Successfully reported this slideshow.
We use your LinkedIn profile and activity data to personalize ads and to show you more relevant ads. You can change your ad preferences anytime.
Upcoming SlideShare
What to Upload to SlideShare
Download to read offline and view in fullscreen.


Fragment based drug design

Download to read offline

Applicable in computer aided drug design.

Fragment based drug design

  1. 1. Fragment Based Drug Design (FBDD) Presented by: Ekta P. Tembhare Smt. Kishoritai Bhoyar College of Pharmacy, Kamptee, Nagpur.
  2. 2. Introduction: Fragment-based lead discovery is now firmly established as a mature collection of methods and approaches for the discovery of small molecules that bind to protein or nucleic acid targets. The approach has also had a number of other impacts such as providing starting points for lead discovery for challenging, unconventional targets such as protein–protein interactions, increasing the use of biophysics to characterize compound binding and properties, and providing small groups, particularly in academia, with access to the tools to identify chemical probes of biological systems
  3. 3. What are Fragments? Fragments are defined as low molecular weight, moderately lipophilic, highly soluble organic molecules. • Fragments typically bind to their target protein with low affinity, generally in the μM to mM range, and can be grown, merged or linked with another fragment to improve the potency. • The “Rule of Three” states that fragments should have, - a molecular weight < 300 Da, - cLogP≤3, - number of hydrogen bond donors ≤ 3 and - number of hydrogen bond acceptors ≤3. - the number of rotatable bonds ≤ 3 and - the polar surface area (PSA) ≤ 60 Å2, would give more desirable fragment like compounds
  4. 4. For conventional targets: • Fragments can sample the chemical space of what will bind to a binding site. • Fragments can show selectivity even for closely related proteins and even when a fragment binds to many similar targets, it can adopt different binding modes • Where crystal structures are available, the important first step in assimilating the set of fragment hits is to categorize the fragments on binding mode. • Often, there will be regions of a fragment that are not optimal or required for binding. For this reason, it is important to explore the SAR of the initial fragment(s) before optimization, identifying which binding modes and potential vectors offer the opportunity to gain selectivity and affinity. For unconventional targets: • Fragments provide the opportunity to assess challenging targets for chemical matter that binds; the hit rate can be an indication of how difficult it is going to be to progress compounds against a target • It is usually not an issue in identifying fragments that bind to such targets. • The major challenge is establishing robust, validated assays – both for establishing binding and for activity.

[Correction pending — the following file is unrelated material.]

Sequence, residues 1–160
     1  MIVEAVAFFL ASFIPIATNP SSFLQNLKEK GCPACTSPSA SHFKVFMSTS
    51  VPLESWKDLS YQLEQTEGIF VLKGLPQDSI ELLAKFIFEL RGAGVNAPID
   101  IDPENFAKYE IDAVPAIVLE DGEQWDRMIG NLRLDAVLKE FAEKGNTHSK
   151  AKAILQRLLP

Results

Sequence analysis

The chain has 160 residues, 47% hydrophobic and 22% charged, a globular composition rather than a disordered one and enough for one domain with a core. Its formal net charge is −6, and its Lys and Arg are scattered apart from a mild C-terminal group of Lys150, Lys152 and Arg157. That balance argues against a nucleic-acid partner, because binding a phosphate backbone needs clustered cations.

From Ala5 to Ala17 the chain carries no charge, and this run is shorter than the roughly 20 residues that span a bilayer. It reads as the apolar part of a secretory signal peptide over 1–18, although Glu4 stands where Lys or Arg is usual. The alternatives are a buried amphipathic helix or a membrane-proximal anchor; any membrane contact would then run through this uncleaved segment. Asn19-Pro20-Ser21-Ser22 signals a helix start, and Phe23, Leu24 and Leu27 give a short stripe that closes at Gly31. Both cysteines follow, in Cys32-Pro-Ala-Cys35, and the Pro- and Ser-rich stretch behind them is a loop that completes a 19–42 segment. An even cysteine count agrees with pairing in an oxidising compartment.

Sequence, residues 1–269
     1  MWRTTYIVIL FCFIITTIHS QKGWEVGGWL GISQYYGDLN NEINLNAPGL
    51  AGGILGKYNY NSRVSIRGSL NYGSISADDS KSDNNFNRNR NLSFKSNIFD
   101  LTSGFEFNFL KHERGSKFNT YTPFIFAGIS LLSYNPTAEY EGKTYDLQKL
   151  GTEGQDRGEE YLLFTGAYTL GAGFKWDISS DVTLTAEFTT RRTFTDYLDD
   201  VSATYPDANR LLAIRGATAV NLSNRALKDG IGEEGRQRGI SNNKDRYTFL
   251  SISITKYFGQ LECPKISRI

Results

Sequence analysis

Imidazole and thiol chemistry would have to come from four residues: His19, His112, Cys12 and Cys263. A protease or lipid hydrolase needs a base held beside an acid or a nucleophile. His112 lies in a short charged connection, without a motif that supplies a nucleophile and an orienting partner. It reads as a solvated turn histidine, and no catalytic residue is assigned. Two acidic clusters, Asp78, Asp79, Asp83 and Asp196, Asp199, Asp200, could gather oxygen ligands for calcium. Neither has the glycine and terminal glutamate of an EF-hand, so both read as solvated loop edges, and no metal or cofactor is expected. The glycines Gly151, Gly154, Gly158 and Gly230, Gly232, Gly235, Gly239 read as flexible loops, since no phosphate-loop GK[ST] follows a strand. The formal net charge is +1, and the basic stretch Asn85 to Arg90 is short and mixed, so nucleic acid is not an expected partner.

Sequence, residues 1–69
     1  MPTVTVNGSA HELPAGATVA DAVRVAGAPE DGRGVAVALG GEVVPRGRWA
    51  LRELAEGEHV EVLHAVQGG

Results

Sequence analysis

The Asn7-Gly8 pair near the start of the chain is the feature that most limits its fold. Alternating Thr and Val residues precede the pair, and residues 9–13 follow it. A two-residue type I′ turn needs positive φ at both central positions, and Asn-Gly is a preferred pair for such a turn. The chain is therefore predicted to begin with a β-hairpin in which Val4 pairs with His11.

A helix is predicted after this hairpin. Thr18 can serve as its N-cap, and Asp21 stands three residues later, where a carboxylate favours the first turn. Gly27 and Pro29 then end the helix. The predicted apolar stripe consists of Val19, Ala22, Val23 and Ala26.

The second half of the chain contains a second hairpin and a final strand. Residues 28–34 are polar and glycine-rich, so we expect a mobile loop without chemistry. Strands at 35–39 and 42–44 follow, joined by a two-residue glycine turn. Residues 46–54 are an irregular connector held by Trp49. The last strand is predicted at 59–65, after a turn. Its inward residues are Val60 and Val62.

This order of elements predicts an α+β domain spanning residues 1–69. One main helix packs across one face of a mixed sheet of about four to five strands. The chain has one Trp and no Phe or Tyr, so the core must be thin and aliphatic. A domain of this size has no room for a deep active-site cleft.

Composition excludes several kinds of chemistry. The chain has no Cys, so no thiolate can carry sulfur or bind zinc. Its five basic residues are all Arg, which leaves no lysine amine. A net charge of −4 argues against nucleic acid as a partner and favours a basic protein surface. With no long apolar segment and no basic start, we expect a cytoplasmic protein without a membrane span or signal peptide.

5. 5. High-throughput screening (HTS) of pre-existing compounds in a variety of pharmacological assays is still the most widely used approach to hit discovery. Half of all HTS screens fail to deliver appropriate chemical starting points for new discovery programs. Reasons: The non drug-like compounds present in many chemical archives assembled by random combinatorial chemistry approaches. These compounds cannot be optimized into development candidates. It is usually more efficient to start discovery from creating new target focused libraries of ‘lead-like’ compounds which can be more readily optimized. Why FBDD?
  6. 6. Methods of fragment generation: 1. Outline of Evolutionary Algorithm
  7. 7. 2. Seed Fragments The seed fragments are automatically prepared by fragmentation of the reference molecule.
  8. 8. 3. Preparation of Fragment Library Every fragment of the library is preferably obtained from a collection of known compounds that are related to the target of interest. Three different types of fragments (ring, linker and side-chain) were defined as building blocks and used to make a molecule.
  9. 9. 4. Making Structure and Fragment Connection Rules
  10. 10. 5. Mutation In mutation, a parent molecule is randomly selected from existing molecules, and one of the following operations is then applied against the parent molecule. • add a fragment • remove a fragment • replace a fragment
  11. 11. 6. Crossover The crossover operation generates new two child molecules by exchanging a fragment set derived from a parent molecule with the other fragment sets derived from another parent molecule. Two parent molecules were randomly selected, and a crossover point was then randomly selected from each parent molecule to define a set of fragments to be crossed over.
  12. 12. Fragment Elaboration:
  13. 13. 1. Fragment growing
  14. 14. 2. Fragment Merging
  15. 15. 3. Fragment Linking
  16. 16. FBDD Process:
  17. 17. How is fragment screening carried out?
  18. 18. Example:
  19. 19. Example: Ligand Design for hAA2A
  20. 20. Thank You!
  • PriyaPraizie

    Sep. 23, 2021
  • VinayendraKushwaha

    Jul. 14, 2021
  • IqraRaja8

    Jul. 10, 2021
  • PoornimaH5

    Mar. 23, 2021

    Dec. 17, 2020
  • poojakoganole

    Nov. 19, 2020
  • arunkashyap95

    Sep. 6, 2020
  • meenampha

    May. 26, 2020
  • KavitaDaware

    Jan. 12, 2020

Applicable in computer aided drug design.


Total views


On Slideshare


From embeds


Number of embeds